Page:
I will start with the GA-5SMM board as this has been set up and has caused all this in the first place. Should be fun as the L3 512k on board cache will only store up to 64Mb of dram addresses. What a pile of pants! Anyway I can also run an ordinary K6-2 with this as well to see the difference no on die cache makes with loading the memory up to maximum. With over 700mb of uncached memory it should be interesting to see the result.

Stedman

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Post by KachiWachi » Tue Feb 06, 2007 6:36 am

Another interesting tidbit of information to ponder...

Since Windows loads from the top down, in my system, no third level caching begins until the top 64 MB of RAM gets filled with whatever. Once I pass that point, the cache becomes functional.

On the other hand, RAM access is faster than HDD access (swap file), so the machine will still run faster overall...even with uncached RAM in place.
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Post by Jim » Tue Feb 06, 2007 7:59 am

@ Stedman : Thanks again Tony. One other point. I said That the number of runs of the Sandra Memory Bandwidth benchmark required to achieve peak results with any given amount of RAM installed will remain consistant.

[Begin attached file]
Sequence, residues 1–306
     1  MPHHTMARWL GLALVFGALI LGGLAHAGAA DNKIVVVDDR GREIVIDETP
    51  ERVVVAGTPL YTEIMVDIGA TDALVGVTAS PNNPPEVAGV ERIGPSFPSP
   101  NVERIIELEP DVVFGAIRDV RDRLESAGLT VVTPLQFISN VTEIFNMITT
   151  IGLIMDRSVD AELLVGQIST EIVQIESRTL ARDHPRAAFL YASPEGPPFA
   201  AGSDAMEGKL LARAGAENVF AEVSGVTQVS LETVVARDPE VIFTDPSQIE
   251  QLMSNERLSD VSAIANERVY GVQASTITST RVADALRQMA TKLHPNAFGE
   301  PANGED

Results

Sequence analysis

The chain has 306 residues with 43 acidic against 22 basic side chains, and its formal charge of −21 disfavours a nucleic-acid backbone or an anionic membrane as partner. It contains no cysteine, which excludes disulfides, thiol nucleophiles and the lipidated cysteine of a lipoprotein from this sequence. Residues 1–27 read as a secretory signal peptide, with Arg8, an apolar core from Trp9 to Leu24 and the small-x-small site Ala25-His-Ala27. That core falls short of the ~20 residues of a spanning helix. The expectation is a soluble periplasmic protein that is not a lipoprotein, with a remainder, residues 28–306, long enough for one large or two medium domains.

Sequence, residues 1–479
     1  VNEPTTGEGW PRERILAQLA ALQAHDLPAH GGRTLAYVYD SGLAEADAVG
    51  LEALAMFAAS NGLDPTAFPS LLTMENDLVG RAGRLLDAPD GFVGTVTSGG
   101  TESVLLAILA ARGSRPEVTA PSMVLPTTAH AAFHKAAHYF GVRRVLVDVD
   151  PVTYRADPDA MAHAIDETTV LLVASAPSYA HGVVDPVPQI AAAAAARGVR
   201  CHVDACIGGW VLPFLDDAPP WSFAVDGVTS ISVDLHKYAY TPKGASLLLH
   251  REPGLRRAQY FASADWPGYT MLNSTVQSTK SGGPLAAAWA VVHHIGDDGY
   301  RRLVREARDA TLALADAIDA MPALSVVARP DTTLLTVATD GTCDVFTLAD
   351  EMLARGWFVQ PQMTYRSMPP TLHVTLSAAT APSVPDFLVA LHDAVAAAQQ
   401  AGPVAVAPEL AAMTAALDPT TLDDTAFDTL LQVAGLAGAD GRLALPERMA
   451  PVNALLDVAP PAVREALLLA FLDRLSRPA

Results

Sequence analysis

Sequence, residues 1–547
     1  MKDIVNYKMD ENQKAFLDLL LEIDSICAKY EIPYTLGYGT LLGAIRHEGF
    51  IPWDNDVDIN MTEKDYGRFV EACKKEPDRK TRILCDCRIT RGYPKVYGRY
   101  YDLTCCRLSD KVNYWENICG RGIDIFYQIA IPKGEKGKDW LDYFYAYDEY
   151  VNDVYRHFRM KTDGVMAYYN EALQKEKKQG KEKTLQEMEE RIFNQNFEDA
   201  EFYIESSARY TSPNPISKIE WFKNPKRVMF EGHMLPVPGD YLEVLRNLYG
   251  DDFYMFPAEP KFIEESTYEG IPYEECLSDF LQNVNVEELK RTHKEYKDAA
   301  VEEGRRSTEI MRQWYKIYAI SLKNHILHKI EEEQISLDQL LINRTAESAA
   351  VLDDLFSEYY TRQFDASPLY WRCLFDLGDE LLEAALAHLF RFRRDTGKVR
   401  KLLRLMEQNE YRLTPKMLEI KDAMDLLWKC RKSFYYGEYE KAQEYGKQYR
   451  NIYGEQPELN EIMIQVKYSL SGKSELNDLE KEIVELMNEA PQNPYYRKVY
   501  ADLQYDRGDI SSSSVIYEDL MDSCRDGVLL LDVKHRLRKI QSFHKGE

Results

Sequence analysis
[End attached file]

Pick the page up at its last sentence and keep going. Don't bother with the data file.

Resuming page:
I perhaps should have said that the number of runs of the Sandra Memory Bandwidth benchmark required to achieve peak results with any given amount of RAM installed on any given board will remain consistant. i.e. change boards, and the number of runs required to achieve peak results with any given amount of RAM may change also.

@ KachiWachi : True! And for that reason you may find that your machine would run a bit faster with more RAM installed. Incidentally, I have a brand new, (unused, - still sitting in its original box), Amtron PM8700 that you are welcome to if you want it.
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Post by Jim » Tue Feb 06, 2007 5:55 pm

@ Stedman :